Omar Sharif (UK), Oscar nominated and multiple Golden globe winning actor. (Film-Lawrence of Arabia)
Wes Craven (United States), the trailblazing master of horror films who redefined horror through cinema. (Film-Scream)

I feel Happy to be associated with India, Says British Film Editor Humphrey Dixon

British Film Editor Humphrey Dixon has said he is happy to be connected with India on cultural lines in the capacity of a Film Editor.
          Interacting with media persons at Meet the Director programme on the sidelines of 46th International Film Festival of India Dixon said, ‘Editing of films is a very difficult process’ and needs a great deal of experience and an acumen to analyze the contents to be deleted. Mr. Dixon said, ‘I love editing’.

Humphrey Dixon’s career began as a film trainee at Associated-Redifusion, London’s first commercial TV channel.
          Having decided to pursue editing full time, he moved briskly from assistant to freelance film editor working mostly on documentaries including London Weekend Television’s weekly arts programme ‘The South Bank show’   and the feature length ‘Song Remains the Same’ based around the Madison Square Gardens concert of super-group Led Zeppelin.
          Branching into feature films he first edited James Ivory’s Autobiography of a Princess with James Mason and Madhur Jaffrey for Merchant Ivory Productions, based around historic film footage of the Indian Raj was voted one of the ten best UK films of the year. He went on to edit a further eight  features for the company including two Indian based films, Hullabaloo over Georgie and Bonnie’s  Pictures and Heat and Dust,  as well as their multiple award-winning production A Room With a View for which he was nominated for a BAFTA.
          He has worked with many notable film directors, editing Andrei Konchalovsky’s first American film Maria’s Lovers, Caleb Deschanel’s Crusoe, Bruce Beresford’s Mr. Johnson and Evelyn, noted Scottish director Gillies Mackinnon’s The Playboys and A Simple Twist of Fate, Lewis Gilbert’s Stepping Out, John Duigan’s Sirens and Lawn Dogs, Pat O’Cannor’s Dancing at Lughnasa and Jean Jacques Annaud’s Enemy at the Gates.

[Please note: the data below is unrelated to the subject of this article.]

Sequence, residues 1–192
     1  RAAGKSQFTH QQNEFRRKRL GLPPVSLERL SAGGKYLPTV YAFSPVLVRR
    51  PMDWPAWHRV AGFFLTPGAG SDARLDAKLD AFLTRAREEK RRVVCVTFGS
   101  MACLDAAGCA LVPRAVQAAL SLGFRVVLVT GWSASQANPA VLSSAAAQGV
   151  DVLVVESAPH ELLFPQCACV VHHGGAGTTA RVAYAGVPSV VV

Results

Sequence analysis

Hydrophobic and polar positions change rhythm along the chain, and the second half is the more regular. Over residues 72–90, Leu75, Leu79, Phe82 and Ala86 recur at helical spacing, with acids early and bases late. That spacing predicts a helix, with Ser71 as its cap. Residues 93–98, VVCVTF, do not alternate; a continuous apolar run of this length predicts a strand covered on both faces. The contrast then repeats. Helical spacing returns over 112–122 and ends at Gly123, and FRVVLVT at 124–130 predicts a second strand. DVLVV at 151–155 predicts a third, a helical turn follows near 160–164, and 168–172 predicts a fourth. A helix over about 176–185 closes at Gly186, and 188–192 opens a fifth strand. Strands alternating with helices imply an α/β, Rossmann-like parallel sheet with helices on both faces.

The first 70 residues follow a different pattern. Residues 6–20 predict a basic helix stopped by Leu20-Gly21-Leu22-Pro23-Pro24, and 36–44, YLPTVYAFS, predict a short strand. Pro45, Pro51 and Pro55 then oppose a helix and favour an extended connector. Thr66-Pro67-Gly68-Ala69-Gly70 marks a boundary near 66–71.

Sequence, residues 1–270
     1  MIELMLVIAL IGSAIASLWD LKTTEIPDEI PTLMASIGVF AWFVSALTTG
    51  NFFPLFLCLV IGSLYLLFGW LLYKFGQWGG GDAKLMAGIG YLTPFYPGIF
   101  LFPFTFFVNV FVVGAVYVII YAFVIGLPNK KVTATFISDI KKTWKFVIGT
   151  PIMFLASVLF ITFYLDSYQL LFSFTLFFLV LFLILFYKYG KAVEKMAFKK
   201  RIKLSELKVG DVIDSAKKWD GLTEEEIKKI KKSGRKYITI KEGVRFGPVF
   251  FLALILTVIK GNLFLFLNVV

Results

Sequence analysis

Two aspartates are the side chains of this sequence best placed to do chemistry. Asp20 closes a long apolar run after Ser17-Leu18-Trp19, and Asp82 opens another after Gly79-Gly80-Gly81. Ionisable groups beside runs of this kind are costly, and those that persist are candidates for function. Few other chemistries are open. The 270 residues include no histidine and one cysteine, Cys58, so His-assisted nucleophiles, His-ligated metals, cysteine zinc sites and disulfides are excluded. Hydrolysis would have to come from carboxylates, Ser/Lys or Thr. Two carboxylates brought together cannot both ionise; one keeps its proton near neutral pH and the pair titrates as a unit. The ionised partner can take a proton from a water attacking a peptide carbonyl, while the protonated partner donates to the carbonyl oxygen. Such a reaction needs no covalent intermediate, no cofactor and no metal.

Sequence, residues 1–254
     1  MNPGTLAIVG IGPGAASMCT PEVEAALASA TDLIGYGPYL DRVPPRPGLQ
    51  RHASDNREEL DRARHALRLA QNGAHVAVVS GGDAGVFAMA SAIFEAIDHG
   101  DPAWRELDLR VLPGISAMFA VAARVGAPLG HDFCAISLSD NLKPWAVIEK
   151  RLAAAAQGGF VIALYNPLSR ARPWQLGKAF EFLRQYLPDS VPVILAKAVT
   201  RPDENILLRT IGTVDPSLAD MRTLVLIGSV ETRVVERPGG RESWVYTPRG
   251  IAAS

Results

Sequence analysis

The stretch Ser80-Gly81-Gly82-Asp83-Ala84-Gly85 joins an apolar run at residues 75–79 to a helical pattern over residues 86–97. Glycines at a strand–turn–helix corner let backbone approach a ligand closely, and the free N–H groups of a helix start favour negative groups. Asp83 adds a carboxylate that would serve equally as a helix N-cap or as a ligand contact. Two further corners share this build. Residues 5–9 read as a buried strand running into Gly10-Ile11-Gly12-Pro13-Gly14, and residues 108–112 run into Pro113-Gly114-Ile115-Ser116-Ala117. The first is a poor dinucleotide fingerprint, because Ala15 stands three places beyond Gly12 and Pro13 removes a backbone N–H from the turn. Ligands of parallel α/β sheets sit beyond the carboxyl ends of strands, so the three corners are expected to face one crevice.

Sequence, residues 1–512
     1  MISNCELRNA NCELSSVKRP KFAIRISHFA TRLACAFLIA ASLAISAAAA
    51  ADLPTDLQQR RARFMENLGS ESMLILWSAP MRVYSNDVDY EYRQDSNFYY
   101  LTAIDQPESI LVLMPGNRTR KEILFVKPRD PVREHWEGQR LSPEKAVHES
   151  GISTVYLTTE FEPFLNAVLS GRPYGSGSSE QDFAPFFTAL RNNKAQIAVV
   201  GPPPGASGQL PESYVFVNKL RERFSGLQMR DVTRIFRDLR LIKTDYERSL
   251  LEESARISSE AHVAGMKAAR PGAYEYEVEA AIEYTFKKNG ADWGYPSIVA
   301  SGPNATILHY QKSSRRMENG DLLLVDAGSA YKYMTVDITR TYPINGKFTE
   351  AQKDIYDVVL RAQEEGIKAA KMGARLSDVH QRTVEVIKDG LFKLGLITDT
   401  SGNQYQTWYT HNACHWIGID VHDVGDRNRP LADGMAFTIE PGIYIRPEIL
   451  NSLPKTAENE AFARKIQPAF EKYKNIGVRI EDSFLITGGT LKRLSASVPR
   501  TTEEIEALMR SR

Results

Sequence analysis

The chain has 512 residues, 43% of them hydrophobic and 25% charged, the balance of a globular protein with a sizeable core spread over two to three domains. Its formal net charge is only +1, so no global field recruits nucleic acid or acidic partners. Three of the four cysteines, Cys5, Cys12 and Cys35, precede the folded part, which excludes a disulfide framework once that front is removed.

Most recently he has been engaged as a visiting tutor at the National Film and Television School at Beaconsfield Studios  and is due to start editing a film about Nelson Mandela.

46th IFFI Salutes Woman Film Makers 

The on-going edition of IFFI has an exclusivesection ‘Womenclature of Cinema’, showcasingthe films by Indian women filmmakers, not necessarily womencentric cinema. Often a sensitive handling of the woman's psyche is noticeable in the films. What emerges is a cinema of deep humanism, of a vital concern for slowly dissolving values, of shifting relationships in a changing world. The films show rage and tenderness, some add humour, some anxiety. The subject of the section proved too large, even if from India, to be included in this year's IFFI. However, efforts have been made to present films across various genres in different languages since 1980s.

The women film makers whose work have been included in the section are- Anjali Menon(Manjadikuru) ,  AparnaSen (36 Chowringhee Lane),  BatulMukhtiar (Kaphal), BhavnaTalwar (Dharm), Bobby SarmaBaruah (Adomya),ChitraPalekar(MaatiMaay), janakiViswanathan (Kutty),PremaKaranth (Phaniyamma), Revathy (Mitr, My Friend) , SaiParanjpye (Sparsh),SatarupaSanyal (Anu), SooniTaraporevala (little Zizou) and ZoyaAkhtar (Zindagi Na MilegiDobara)

The Directors, Tuhinabha Majumdar and Sridhar Rangayan at a press conference, during the 46th International Film Festival of India (IFFI-2015), in Panaji, Goa on November 27, 2015.

The Director, Anand L. Rai in conversation during the 46th International Film Festival of India (IFFI-2015), in Panaji, Goa on November 27, 2015.

Master Class by Rakeysh Om Prakash Mehra on Direction at the 46th International Film Festival of India (IFFI-2015), in Panaji, Goa on November 27, 2015.

The Director of ‘Naanu Avanalla...Avalu’, B.S. Lingadevaru being felicitated at the 46th International Film Festival of India (IFFI-2015), in Panaji, Goa on November 27, 2015.

The Director Nitin Kakkar, actor Kumud Mishra and Sharib Hashmi, actress Divya Dutta on Red Carpet, at the 46th International Film Festival of India (IFFI-2015), in Panaji, Goa on November 27, 2015.